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Tuesday, July 11, 2017

Task Problem Tuesday


This is a task that I found while walking in New York City last fall.  I took pictures of the parking structure and prices, but didn't pull it together in time to use it during the school year. I've never posted a problem that I haven't used, so I hope you like this one and I will definitely use it next year myself.  I love that this problem can be used in my unit for volume or multiplying decimals. It also includes adding and subtracting with decimals.  Anytime that I can review one concept while teaching another, I just can't let the opportunity pass.  So let me know if you like this one.

Unparalleled Parking

Unparalleled Parking Task by The Research Based Classroom

The parking structure is 14 sections long, 4 cars tall, and 2 cars deep.  Living in the west, I had never seen anything like this.  I immediately began thinking of all the math involved in this picture and started snapping pictures.

Task Problem Tuesday at The Reseach Based Classroom

When I got home, I looked up their actual prices to create the chart below.

Unparalleled Parking Math Task by The Research Based Classroom

The questions for this math task are endless.  Here's a few that I came up with:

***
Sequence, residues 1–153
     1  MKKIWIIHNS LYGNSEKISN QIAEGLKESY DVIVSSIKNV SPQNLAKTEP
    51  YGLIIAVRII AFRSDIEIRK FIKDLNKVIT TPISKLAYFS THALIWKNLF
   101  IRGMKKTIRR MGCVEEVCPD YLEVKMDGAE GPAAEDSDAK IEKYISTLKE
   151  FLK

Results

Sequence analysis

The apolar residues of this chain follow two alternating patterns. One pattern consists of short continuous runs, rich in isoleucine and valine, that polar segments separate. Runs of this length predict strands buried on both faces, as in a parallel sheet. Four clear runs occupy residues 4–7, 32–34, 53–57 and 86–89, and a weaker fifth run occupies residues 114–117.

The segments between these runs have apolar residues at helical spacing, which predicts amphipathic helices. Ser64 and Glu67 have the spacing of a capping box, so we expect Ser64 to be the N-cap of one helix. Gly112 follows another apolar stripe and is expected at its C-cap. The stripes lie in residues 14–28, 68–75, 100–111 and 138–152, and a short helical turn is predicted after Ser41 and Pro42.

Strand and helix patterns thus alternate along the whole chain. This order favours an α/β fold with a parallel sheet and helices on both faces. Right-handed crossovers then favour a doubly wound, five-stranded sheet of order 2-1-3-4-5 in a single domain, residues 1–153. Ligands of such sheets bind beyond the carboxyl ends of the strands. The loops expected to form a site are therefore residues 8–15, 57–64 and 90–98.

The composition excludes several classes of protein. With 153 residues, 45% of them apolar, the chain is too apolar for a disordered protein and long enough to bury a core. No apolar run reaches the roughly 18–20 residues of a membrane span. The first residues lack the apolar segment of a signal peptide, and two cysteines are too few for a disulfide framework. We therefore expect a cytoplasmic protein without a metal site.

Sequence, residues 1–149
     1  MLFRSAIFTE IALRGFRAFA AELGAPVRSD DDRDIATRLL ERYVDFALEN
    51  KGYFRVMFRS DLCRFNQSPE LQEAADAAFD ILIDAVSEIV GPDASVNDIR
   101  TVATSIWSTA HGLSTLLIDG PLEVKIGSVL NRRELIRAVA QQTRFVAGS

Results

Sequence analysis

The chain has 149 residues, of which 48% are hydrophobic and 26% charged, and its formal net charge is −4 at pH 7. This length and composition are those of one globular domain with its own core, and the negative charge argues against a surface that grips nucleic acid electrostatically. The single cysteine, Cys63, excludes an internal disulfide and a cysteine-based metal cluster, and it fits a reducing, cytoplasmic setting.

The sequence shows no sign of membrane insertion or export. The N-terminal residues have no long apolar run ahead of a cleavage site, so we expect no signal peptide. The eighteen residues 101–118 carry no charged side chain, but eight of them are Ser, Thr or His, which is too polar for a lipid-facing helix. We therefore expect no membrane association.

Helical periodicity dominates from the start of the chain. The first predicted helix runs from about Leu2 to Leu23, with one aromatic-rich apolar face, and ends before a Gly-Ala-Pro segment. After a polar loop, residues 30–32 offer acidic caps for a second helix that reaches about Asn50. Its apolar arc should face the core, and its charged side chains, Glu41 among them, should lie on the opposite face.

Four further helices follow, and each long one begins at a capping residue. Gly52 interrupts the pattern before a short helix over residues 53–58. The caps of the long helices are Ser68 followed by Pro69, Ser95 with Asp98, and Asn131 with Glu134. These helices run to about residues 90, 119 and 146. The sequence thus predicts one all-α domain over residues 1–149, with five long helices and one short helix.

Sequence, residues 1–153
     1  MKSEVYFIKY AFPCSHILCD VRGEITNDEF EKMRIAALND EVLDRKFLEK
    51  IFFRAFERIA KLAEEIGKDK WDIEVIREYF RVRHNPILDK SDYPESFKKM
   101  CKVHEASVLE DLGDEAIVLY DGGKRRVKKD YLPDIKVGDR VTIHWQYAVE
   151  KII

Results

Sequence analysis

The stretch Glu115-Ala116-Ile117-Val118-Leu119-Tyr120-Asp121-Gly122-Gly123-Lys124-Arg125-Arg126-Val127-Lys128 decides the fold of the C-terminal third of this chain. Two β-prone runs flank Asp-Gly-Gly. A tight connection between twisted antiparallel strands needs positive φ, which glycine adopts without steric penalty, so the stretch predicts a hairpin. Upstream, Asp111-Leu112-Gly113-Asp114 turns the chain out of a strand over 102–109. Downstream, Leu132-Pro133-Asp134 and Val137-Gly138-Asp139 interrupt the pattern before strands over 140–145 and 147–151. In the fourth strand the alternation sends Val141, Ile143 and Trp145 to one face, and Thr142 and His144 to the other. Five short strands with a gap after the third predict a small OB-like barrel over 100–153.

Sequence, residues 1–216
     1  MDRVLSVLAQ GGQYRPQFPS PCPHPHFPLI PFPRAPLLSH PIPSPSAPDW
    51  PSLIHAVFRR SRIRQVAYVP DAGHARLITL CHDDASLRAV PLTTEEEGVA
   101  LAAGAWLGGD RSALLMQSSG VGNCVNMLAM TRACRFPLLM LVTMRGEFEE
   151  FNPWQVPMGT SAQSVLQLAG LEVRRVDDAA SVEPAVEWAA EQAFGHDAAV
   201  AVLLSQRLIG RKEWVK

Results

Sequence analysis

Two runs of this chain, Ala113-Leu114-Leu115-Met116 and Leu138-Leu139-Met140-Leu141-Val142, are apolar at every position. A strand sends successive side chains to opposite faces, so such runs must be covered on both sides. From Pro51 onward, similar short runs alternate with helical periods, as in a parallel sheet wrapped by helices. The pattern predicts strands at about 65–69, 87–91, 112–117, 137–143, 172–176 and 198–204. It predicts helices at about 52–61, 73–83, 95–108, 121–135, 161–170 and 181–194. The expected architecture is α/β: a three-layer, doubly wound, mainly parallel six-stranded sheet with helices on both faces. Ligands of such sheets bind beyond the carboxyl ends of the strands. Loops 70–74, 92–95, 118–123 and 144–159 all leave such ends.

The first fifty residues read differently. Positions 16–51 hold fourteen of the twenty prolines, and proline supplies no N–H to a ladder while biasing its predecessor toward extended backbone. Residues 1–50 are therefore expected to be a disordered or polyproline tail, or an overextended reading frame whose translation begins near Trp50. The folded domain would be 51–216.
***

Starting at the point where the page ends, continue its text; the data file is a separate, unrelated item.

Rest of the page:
1. If the parking structure fills up for an event, how much money would the parking attendant collect?
  2. Wednesday is street cleaning day and it is illegal to park on the street during the hours from 5:00 am until 5:00 pm.  All of the residents of the local apartment buildings need to get their cars off the street.  How much would it cost you to park at Unparalleled Parking during this time?  
  3. You enter Unparalleled Parking every day at 6:30 pm and leave at 8:00 am.  What day of the week will be the cheapest?
  4. How much would the parking attendant collect if the parking structure only filled up three-fourths of the spots during an event?
There's no end to the questions that could be asked about this picture. You could even let your students write questions of their own.  To grab my photos and a pdf of the pricing sheet, click here.

Happy Problem Solving!

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